Again, these are tensions long-felt within the community, but what we’re seeing with this moment of protest — like all moments of effective protests — is the brief opening of a window for radical value-recalibration, agenda-setting, and concession-extraction. The moment will pass, eventually; the hope is that enough line-shifting can happen within the window such that, when things do go back to “normal,” it will do so with some new structures in place and with some advancement in the basics of how we carry out our day-to-day.
Within the context of podcasting, one particularly noteworthy move has been an effort by Renay Richardson, founder and CEO of the UK-based Broccoli Content, to bring forward an Equality in Audio pact, imploring audio production companies to make a pledge towards committing to five specific actions meant to help the community move closer to equality:
Here’s the list of audio companies and creators that have signed it so far. Note that the pact isn’t limited to UK-based companies; I encourage you to sign on.
Other things noticed: a flurry of listen lists featuring voices of color and race as the predominant subject matter. Over social media, the highlighting of podcast producers (and operators!) of color. On the Apple Podcast charts, the bubbling up of shows about race to the top: Pod Save the People, which features the activist DeRay Mckesson; NPR’s Code Switch, which moved to drop an exceptionally effective episode, “A Decade of Watching People Die,” on Sunday; and the podcast version of New York Times’ 1619 project. (Which, honestly, now gives off a slight dissociative effect in the wake of the Times’ decision to publish that morally abhorrent op-ed from Senator Tom Cotton — on the eve of the Tiananmen Square massacre, no less, jesus — which even drew considerable rebuke from the Times’ own staff.) In my inbox, the press releases keep coming about this or that project, mostly unrelated to the moment, though with the opening sentence being something along the lines of : “I hope this note finds you well in these strange and difficult times…” Some publishers write to me to inform that they’re postponing the launch of projects, meant for this week, due to the climate. A few others writing to ask if it would be a good idea to do so. (The answer is yes.) Within some operations, new episodes are delayed due to reallocation of resources; In the Dark, for example, is delaying this week’s episode because the team is helping MPR News report in Minneapolis. Elsewhere, some other non-newsy podcasts have opted not to publish this week, in solidarity with the protests. There are many others that pushed ahead with new episodes, some of which approached the past week’s events on their own terms. There were some turbulence: The Bill Simmons Podcast, for example, dropped an episode on Monday reflecting on the protest that many panned as tone-deaf, even more so after The Ringer Union published a statement about the podcast network’s lack of front-of-mic diversity on the same day. Later in the week, Simmons dropped another episode, this time with Mckesson, which I suppose was something of a corrective. Relatedly, this may turn out to be a noteworthy moment of worker leverage in their relationship with their employer: see aforementioned rebuke from Times staffers over the op-ed situation, as well as a pressure campaign among Spotify staffers to get company leadership to commit substantial financial resources to support racial justice efforts.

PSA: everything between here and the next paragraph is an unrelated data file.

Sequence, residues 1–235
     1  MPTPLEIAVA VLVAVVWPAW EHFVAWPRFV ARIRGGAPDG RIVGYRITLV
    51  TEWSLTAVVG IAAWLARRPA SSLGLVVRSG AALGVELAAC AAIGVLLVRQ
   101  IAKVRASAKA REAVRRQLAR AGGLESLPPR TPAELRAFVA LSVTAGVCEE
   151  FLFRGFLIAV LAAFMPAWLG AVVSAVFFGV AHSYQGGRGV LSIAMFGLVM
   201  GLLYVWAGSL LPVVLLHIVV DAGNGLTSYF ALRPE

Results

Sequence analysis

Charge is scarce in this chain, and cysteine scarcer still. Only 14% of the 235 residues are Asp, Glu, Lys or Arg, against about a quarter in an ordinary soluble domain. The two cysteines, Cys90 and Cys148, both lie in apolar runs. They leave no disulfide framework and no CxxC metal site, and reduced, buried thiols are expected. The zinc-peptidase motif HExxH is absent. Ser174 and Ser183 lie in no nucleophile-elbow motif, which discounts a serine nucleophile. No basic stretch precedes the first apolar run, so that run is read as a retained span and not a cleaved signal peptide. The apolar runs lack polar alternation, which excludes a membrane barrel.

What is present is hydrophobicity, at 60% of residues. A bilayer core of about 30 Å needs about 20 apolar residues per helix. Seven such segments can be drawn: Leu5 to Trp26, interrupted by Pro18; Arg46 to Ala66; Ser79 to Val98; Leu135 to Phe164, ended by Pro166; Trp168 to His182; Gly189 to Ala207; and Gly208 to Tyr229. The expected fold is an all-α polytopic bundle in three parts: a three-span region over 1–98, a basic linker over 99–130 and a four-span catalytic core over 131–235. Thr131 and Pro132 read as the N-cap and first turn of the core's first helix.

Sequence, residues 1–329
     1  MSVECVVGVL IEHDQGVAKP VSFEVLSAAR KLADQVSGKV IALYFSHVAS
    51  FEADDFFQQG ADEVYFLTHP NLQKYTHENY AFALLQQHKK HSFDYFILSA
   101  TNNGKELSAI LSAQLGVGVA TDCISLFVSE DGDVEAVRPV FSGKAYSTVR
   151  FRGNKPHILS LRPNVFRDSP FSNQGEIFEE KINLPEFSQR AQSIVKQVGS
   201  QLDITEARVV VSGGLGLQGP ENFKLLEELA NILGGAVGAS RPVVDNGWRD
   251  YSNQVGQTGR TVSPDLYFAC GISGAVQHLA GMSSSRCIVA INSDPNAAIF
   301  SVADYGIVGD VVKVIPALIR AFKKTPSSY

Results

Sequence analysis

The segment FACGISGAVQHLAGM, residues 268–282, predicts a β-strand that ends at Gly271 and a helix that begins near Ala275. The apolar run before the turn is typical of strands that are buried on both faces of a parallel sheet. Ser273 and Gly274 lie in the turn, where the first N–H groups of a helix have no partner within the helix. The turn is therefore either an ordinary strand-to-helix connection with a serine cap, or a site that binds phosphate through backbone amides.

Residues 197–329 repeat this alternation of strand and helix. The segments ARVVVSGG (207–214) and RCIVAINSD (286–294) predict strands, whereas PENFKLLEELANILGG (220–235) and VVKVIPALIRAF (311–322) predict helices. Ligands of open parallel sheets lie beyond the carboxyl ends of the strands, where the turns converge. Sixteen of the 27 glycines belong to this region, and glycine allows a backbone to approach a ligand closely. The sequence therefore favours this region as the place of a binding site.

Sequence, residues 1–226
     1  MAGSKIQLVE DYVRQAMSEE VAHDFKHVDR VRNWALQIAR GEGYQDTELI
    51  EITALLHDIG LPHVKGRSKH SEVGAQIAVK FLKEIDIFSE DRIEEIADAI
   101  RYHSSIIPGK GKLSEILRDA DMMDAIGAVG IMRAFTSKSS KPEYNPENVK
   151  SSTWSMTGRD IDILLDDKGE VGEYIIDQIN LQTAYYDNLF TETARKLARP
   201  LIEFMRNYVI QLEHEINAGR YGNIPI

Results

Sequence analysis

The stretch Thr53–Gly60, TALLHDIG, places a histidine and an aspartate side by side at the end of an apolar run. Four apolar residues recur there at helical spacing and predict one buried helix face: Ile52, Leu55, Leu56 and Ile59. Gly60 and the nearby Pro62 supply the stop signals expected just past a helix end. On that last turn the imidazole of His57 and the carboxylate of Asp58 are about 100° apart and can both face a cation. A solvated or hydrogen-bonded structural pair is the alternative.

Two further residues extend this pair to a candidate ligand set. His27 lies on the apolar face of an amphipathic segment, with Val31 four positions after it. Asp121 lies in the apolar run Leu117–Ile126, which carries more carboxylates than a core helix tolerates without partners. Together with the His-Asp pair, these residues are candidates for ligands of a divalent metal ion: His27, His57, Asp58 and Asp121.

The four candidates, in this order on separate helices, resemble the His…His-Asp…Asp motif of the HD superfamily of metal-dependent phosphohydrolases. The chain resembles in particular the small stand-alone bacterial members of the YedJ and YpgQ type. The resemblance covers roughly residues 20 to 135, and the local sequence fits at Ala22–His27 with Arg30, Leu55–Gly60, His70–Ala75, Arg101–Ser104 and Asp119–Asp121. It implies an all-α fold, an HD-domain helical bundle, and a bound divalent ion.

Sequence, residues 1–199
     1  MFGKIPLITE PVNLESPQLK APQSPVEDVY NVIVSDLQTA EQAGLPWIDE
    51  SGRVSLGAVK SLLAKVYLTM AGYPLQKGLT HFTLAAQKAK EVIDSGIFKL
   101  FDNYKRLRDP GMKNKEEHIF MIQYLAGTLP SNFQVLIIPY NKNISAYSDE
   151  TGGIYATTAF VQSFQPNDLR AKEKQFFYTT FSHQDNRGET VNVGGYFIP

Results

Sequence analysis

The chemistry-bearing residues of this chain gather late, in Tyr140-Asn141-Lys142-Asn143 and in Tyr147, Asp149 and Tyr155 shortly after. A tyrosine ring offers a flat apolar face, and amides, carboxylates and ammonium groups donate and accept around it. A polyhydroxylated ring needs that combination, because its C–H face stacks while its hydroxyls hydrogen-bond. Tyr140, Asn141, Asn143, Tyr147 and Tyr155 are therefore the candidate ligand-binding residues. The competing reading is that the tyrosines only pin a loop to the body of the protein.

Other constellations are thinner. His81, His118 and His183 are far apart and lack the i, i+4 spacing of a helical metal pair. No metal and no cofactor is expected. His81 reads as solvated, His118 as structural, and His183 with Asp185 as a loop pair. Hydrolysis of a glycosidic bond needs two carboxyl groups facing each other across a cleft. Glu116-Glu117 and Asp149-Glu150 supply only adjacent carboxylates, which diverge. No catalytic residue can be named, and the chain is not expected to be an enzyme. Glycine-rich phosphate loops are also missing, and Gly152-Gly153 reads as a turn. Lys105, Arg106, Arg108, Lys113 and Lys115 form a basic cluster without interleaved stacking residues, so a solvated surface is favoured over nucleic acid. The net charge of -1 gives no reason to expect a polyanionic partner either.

Apologies for the slap-dash newsletter. There’s a great deal happening; this is the best I can do for now.